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The melancholy comedy of Fleabag season one made for some of the best TV in recent history, its mix of depravity and empathy encapsulated in a bravura performance from series creator, writer, and lead Phoebe Waller-Bridge, whose star has continued to rise in the three years since. That’s right, it’s now been three years since we were first introduced to the eponymous Fleabag, a single woman filling the voids caused by grief and distant family members with copious amounts of sex. Waller-Bridge has more than established her talents in front of and behind the camera—in addition to bringing the glorious tragicomedy of Fleabag to TV, she also helped make Killing Eve one of the best adaptations in years. And over the course of the last 18 months or so, she’s become a part of two huge franchises, voicing the L3-37 droid in Solo last summer and signing on to co-write Bond 25.

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It’s not an exaggeration to say Waller-Bridge has her pick of projects, which makes the delayed follow-up to Fleabag season one a bit of a curious choice at first glance. The first season was both scathingly funny and ruthlessly efficient, creating compelling arcs for all of its core characters, including Fleabag, her uptight and brilliant sister Claire (Sian Clifford), and even the smarmy Martin (Brett Gelman), over the course of six half-hour episodes. The resolution wasn’t tidy—Fleabag ended up getting the small-business loan she applied for in the premiere, but was practically disowned by her remaining family members—but it was bracingly honest and hilarious. Waller-Bridge brought together a terrific ensemble, including Olivia Colman as the imperious Godmother and Bill Paterson as her well-meaning, but often inarticulate Dad, to tell a gut-wrenching story about loss, guilt, and loneliness even in the presence/under others.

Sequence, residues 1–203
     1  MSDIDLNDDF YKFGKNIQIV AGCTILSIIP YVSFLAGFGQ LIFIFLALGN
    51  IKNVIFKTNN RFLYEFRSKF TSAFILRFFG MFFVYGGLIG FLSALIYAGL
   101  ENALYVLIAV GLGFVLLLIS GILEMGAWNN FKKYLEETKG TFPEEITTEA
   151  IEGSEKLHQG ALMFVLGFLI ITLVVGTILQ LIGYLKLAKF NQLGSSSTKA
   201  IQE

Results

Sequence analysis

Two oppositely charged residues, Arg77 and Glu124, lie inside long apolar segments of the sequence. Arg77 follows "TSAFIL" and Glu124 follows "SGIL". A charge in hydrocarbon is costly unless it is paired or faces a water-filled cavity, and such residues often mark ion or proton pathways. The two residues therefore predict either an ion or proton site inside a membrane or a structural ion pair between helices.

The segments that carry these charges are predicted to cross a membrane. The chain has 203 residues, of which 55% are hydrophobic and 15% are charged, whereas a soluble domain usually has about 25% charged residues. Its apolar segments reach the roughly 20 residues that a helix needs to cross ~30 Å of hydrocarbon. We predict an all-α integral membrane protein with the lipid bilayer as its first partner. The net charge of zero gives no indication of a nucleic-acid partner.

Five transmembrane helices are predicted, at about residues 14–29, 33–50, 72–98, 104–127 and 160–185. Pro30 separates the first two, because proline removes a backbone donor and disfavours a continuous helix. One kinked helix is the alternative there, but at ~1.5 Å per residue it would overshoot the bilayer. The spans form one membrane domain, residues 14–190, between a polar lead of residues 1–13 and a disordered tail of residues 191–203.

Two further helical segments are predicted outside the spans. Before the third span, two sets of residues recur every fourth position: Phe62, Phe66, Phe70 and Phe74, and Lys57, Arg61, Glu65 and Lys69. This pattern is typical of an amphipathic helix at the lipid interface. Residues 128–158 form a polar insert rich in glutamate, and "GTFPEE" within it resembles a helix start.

The show was so good yet self-contained, that it seemed just as likely as not that we’d get to keep watching Waller-Bridge’s character fail at connecting with others on screen, especially given all of the Crashing alum’s other projects. But thank god that she did decide to pick up the bad habits of Fleabag once more, because season two is even better. The premiere is an early frontrunner for best episode of the season, if not the series, returning to Fleabag’s theatrical roots for an evening of farce and concentrated viciousness. With the help of series director Harry Bradbeer, Waller-Bridge stages a dinner party for the ages, one that’s both a comedy of manners and the introductory chapter to a love story.

Olivia Colman
Photo: Amazon Prime

After a quick refresher at the top of the episode, a title card declares that it’s been 371 days (and counting) since Godmother’s “Sexhibition,” which revealed just how deep Claire’s mistrust of her sister runs. In the year-plus since their falling-out (and Fleabag’s falling-out with Dad), Fleabag has turned things around, on the surface at least—she still drinks and smokes, but she’s traded sex with anonymous and dubious people (including Arsehole Guy) for boot camps and running a successful business. She retains her sharp wit, though, and disdain for her vain godmother and cretinous brother-in-law. Most important, Fleabag still looks directly at the audience, allowing us access to her thoughts that she doesn’t grant anyone else (for now).